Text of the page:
Limited technical knowhow prob means I should dump!

runner

Veteran
Location
Bristol
My third bike is an old genesis day 01 dating from 2006. I used as a first computing bike and it was fun with its fast shift 8 speed and triple chain....it's now in desperate need of lots of care and attention and prob money as I have somewhat limited technical skills.....so should I attempt to strip? and slowly buy bits (at my leisure) and put together with advice from my LBS (I practically live beside it) and utube....here are some sads pic....on a positive the frame was a nice aluminium...but brakes are dodgy, bottom braket loose, chain rusted, cogs rusted...need I go on....
F868CA1F-1CBA-41D6-BF7E-7AC4EA28F5AE_zps7dofkna7.jpg

8C5392F4-6076-48A2-985A-B0B96D5667DB_zpsuhlxe0cw.jpg

E45C1948-7428-4D7E-88F0-718196AF8C26_zpsnsjjelgt.jpg

057C3148-F22C-49EC-A113-B4B4B42F8A99_zpsikz9mvqh.jpg

36DEEF8A-9607-451F-9364-CA62BB1ADCED_zpsyaa65rel.jpg

BE12924D-9252-4142-8961-B6A7DB5BC055_zpsjq9w0glo.jpg
 
Location
Loch side.
That hurt my eyes.
 

rich p

ridiculous old lush
Location
Brighton
What's wrong/broken with it? Looks pretty grubby
 

S.Giles

Guest
It's in far better condition than was my bike before I rebuilt it. As others have said, make a project out of it and learn as you go. The following are a few tips that I picked up while doing my bike:

Replace any rusted machine screws (ie, bolts) with stainless steel ones. You'll need to measure the existing ones and order SS replacements from Ebay. (Goodness knows why bike manufacturers haven't adopted SS machine screws as a standard.)

Don't assume that a part is no good just because it has a little light rust on it. Evaluate it after cleaning it with white spirits and a re-lube rather than discarding it immediately.

Try to resist the temptation to replace anything for purely aesthetic reasons - a part with a scratch on it will often work just as well as one without.

Service all the bearings, including new ball-bearings and re-grease. Replace all cables (with SS ones).

I really doubt that that bike needs very much money spending on it at all. It'll look wonderful after a strip-down, service and re-assembly has been done. Do budget plenty of time though, especially if you're learning as you go.

Steve
 

Gravity Aided

Legendary Member
Location
Land of Lincoln
Leave the rusty bits in vinegar for a day or so, maybe a week, and clean them with a brush. They may look better than you thought. Or they may look all spalled and pitted, but you can always replace at that point.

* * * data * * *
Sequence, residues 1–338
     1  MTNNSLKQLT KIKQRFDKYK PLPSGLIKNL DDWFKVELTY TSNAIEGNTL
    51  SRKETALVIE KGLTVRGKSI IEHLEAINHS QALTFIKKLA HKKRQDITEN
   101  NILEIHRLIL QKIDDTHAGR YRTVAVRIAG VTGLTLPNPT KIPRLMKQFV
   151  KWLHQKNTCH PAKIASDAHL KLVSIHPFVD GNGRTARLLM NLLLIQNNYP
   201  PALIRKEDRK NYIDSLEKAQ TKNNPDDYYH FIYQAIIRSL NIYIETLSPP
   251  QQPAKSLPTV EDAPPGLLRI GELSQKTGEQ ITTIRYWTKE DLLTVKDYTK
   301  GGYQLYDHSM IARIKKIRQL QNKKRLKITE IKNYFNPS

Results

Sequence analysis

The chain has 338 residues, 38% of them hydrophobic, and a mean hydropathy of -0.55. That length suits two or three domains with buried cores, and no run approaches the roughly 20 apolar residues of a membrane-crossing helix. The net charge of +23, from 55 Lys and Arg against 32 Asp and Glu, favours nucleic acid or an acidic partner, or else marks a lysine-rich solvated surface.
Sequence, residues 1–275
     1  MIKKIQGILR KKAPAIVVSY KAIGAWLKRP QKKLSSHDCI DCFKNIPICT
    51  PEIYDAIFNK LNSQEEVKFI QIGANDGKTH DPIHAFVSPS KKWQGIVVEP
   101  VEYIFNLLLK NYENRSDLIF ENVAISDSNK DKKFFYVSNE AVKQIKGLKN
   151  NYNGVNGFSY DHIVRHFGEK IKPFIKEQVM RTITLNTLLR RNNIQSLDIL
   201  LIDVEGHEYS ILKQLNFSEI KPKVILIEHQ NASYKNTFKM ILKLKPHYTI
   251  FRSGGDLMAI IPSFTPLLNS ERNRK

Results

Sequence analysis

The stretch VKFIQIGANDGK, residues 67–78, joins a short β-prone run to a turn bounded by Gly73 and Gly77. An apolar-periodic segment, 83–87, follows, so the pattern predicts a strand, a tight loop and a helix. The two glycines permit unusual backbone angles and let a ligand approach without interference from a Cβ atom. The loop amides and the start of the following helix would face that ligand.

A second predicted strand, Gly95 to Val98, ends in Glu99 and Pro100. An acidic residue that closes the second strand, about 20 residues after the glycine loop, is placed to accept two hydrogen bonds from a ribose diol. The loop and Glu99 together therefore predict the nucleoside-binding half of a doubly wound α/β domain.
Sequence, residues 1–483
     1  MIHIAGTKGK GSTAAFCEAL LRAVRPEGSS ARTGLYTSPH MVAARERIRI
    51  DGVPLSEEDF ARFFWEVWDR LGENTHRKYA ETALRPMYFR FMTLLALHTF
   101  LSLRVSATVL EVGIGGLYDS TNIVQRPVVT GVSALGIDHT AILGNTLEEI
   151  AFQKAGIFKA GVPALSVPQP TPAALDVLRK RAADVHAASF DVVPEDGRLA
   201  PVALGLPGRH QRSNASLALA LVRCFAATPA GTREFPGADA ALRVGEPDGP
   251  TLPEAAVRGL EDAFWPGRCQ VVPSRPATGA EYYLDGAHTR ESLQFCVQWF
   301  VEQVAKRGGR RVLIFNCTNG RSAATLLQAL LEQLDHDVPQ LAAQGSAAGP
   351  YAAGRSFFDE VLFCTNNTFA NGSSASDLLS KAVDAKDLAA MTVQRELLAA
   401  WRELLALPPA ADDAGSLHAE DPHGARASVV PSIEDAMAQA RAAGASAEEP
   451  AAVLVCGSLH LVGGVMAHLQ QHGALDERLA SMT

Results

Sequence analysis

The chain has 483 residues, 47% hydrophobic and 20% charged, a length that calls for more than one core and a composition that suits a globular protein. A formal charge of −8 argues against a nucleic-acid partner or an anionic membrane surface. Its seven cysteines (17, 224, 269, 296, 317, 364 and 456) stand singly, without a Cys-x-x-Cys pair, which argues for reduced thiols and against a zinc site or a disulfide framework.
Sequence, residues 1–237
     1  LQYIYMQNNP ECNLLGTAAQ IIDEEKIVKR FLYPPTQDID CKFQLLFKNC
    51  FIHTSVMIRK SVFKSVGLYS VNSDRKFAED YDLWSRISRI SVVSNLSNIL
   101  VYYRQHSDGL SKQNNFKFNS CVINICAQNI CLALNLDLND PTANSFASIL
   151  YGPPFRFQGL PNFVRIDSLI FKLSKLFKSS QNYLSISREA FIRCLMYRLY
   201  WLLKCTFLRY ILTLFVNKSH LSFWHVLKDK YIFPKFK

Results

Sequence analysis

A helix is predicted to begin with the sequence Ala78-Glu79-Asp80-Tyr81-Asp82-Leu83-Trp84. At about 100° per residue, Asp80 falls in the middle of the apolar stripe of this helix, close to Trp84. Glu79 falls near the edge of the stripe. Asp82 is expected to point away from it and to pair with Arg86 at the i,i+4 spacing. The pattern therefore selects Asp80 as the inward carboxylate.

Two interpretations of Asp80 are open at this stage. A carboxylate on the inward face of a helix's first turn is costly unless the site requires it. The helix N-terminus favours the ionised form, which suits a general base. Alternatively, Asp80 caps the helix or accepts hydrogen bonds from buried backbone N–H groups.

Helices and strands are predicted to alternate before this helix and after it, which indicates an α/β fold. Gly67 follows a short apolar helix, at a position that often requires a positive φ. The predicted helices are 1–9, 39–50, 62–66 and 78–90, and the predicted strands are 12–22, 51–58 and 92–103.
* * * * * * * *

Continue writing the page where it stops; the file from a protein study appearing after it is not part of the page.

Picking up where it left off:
Location
Loch side.
It's in far better condition than was my bike before I rebuilt it. As others have said, make a project out of it and learn as you go. The following are a few tips that I picked up while doing my bike:

Replace any rusted machine screws (ie, bolts) with stainless steel ones. You'll need to measure the existing ones and order SS replacements from Ebay. (Goodness knows why bike manufacturers haven't adopted SS machine screws as a standard.)
Many places on a bicycle require high tensile bolts and stainless cannot be hi-ten and vice versa. Examples are saddle clamp bolts, stem bolts, seatpost clamp bolts, brake disc bolts, crank pinch bolts. That's all that comes to mind right now. Hi-ten is spec'd for a few reasons:

1) Users always over tighten their bolts and damage from overtightening doesn't show up immediately but whilst you're riding. I can convince you.....Imagine a stem bolt failing.
2) Many bolts are under large cyclical stresses, for instance saddle clamp and stem bolts. Given the wrong steel, they will eventually fail from stress cracks developing in the thread of the bolt.

Having said that, I'm with you on the stainless screw thing. I can't stand rusty chainring bolts, headset prelod bolts etc and have replaced where I can with stainless. The trick with stainless is to carefully torque them to spec and ruthlessly replace them from time to time.

On the other hand, the weight weenie trend has seen a large aftermarket for replacement bolts made from aluminium and titanium. Both these materials are weaker than steel but in many cases, titanium is fine. For instance, as a derailer pulley bolt, a disc brake bolt of even as a stem bolt if there are four of them.

Alumimium is just rubbish for the job, I can't think of a single legit application for such bolts.
 
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